THE POPE ALSO WELCOMED President James Alix Michel of the Republic of the Seychelles.

POPE-SEYCHELLES

AT 6 P.M. THURSDAY IN THE PAUL VI HALL, the Pope met with members of the Cursillos in ChristianityCursillos de Cristiandad (meaning “short course in Christianity”). Cursillos is an apostolic movement founded in Majorca, Spain by a group of lay people in 1944 seeking to refine a technique to train pilgrimage Christian leaders. The Cursillo focuses on showing Christian lay people how to become effective Christian leaders over the course of a three-day weekend. The weekend includes fifteen talks – known as “rollos” – some given by priests and some by lay people. The major emphasis of the weekend is to ask participants to take what they have learned back into the world, on what is known as the “fourth day.” The method stresses personal spiritual development, as accelerated by weekly group reunion (after the weekend). Cursillos always operates within a diocese with the permission and blessing of the bishop.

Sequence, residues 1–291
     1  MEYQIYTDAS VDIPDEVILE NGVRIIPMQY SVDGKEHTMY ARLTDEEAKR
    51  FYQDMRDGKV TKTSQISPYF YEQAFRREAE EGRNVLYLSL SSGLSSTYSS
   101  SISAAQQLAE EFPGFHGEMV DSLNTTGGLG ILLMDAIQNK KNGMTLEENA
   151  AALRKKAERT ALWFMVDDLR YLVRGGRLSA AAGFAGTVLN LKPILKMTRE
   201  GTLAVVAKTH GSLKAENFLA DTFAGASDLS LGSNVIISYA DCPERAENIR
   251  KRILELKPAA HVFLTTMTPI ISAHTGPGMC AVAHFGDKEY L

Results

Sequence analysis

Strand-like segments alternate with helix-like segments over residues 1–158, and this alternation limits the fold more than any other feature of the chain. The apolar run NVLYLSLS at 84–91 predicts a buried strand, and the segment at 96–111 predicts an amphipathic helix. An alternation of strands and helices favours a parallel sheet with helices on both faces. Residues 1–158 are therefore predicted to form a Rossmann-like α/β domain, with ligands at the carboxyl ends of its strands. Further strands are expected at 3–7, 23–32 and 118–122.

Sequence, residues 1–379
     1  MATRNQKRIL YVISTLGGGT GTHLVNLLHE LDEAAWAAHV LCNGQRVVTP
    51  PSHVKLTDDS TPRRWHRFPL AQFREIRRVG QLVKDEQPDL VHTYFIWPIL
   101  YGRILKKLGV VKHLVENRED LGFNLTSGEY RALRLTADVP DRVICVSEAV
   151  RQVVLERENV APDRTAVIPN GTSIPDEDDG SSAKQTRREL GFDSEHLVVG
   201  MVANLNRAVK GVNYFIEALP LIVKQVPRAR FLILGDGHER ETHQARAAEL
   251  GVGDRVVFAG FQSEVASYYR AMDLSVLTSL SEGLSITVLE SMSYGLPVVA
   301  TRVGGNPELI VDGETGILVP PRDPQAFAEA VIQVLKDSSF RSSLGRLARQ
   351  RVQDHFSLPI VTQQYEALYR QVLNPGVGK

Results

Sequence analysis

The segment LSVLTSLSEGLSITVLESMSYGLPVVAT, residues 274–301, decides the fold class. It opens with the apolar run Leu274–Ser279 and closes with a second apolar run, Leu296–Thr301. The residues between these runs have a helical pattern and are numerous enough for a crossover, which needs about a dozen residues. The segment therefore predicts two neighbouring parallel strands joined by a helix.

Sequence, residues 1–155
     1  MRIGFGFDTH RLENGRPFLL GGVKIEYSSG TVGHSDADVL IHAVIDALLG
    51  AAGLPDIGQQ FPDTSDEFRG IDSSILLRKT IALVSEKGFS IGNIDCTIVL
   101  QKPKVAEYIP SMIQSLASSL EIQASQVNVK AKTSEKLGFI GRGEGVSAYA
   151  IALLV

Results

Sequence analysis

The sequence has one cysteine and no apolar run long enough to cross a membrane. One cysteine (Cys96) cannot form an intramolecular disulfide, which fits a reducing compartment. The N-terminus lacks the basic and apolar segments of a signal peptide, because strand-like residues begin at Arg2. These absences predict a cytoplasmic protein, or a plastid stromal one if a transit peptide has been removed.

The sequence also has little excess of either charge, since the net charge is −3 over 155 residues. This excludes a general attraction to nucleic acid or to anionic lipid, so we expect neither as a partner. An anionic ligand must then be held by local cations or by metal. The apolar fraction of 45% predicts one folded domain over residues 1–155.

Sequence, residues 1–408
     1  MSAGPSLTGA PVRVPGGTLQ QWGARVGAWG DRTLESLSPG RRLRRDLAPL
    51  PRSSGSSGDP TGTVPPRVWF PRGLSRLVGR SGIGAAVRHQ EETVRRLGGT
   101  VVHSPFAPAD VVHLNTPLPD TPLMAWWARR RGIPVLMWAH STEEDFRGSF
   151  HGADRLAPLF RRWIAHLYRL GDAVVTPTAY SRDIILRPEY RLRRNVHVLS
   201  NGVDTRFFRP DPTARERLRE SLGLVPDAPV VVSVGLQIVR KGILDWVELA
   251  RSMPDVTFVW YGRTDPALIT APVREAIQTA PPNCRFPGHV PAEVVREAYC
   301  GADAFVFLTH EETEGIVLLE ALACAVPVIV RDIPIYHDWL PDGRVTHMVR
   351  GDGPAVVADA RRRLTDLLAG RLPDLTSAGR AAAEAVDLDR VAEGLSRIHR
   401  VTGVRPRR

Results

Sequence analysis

VATICAN PRESS CONFERENCE (VIS) – This morning a press conference was held in the Holy See Press Office to present the concert organized to support the Pope’s charitable work. It will take place on May 14, solemnity of the Ascension, at 6 p.m. in the Paul VI Hall. The concert will be conducted by Maestro Daniel Oren and performed by the Philarmonic Orchestra of Salerno, Italy, together with the choir of the diocese of Rome led by Msgr. Marco Frisina. The event is sponsored by the Papal Almoner, the Pontifical Council for Culture, the Pontifical Council for Promoting New Evangelization, and the St. Matthew Foundation, in memory of Cardinal Van-Thuan, and unites culture with charitable concerns. For the occasion, the donations gathered will be entirely donated to the office of the Apostolic Almoner, the dicastery responsible for the Pope’s charity. The evening’s protagonists are the most needy, the poor and the sick, who will occupy the front rows and have been invited through charitable and voluntary associations: the Great Priory of Rome and the Order of Malta, the Circle of St. Peter, diocesan Caritas, the Sant’Egidio Community and the Centro Astalli, which assists migrants and refugees, the Daughters of Charity and other associations present in the diocese of Rome.